Many women remember hearing the advice that stepping on the treadmill while you have debilitating cramps may be a good way to relieve them. If you’re like most of us, you may have noticed that an excruciating workout often doesn’t do the trick. Turns out, like with most things, the name of the game is balance.
Healthline notes that there’s no danger to working out on your period, it’s simply a matter of what your body can handle. However, with fluctuating hormones and high levels of inflammation around this time, it may be best to back off on the intensity of your sweat sessions, according to Women’s Health. Hormones play such a pivotal role in nearly all of your biological processes, and working with them, rather than against them, will have you feeling your best. The first few days of your cycle usually coincide with the most intense symptoms like cramping, fatigue and bloating; in order to best support your body, stick to more gentle movements and whatever routine that feels the best, the outlet suggests.
During your heavier-bleeding days, opt for simple stretches, light workouts and walking, Healthline recommends. A simple rule of thumb is that your workout during this time should be the one that feels the best. Your period is a deeply sensitive time, it’s important to treat it as such and care for your body rather than continuing to add layers of stress with high-intensity exercise.
It's best to do more mindful movements leading up to your cycle
Since stress has such a powerful impact on your body and your menstrual cycle, your period can denote how well you’re managing these levels. By managing your stress exposure prior to your period, you can aid in the complex process that your reproductive system is undergoing.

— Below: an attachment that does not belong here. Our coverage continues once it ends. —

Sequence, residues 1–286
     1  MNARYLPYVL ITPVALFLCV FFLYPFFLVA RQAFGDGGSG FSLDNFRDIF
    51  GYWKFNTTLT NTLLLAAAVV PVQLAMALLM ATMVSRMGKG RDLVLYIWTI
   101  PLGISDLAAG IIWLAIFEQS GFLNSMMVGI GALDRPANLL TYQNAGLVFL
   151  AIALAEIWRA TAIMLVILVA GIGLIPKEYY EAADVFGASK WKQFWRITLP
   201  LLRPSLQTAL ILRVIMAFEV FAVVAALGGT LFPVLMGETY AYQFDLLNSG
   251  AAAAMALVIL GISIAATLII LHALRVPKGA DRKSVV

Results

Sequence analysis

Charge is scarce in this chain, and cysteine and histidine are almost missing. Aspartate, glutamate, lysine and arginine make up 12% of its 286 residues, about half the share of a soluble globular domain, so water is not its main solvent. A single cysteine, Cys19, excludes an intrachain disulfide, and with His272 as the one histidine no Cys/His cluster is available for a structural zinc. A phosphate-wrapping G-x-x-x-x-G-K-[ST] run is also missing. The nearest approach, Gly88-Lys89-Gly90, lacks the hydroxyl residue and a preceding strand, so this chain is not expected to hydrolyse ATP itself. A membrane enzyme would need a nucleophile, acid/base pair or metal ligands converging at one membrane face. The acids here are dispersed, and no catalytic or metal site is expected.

Healthline also suggests adding mindful movement like yoga or pilates into your routine for a few days leading up to your period as a way to keep stress at bay. With less tension in the body, your cycle is much less likely to affect various processes that create bloating, camping and soreness. By managing your health and relaxing more frequently, you’ll likely notice a shift in your period’s symptoms. Rather than logging an hour on the treadmill during this sensitive time, slow down, focus on your breath and help alleviate any tension the gentle way.
Goop notes that psychological stress — i.e. work stress, relationship issues, etc. — isn’t the only type that can impact our cycle. Physical stress like intense workouts, digesting and even heading out with your friends all require a certain level of energy. When you aren’t carving out space for your mind and body to relax, your period may be telling you that it’s time to switch up your work out routine.
The bottom line is that it’s best to only do what your body is up for during this time. If your system needs rest, make sure you go easier on yourself at the gym.
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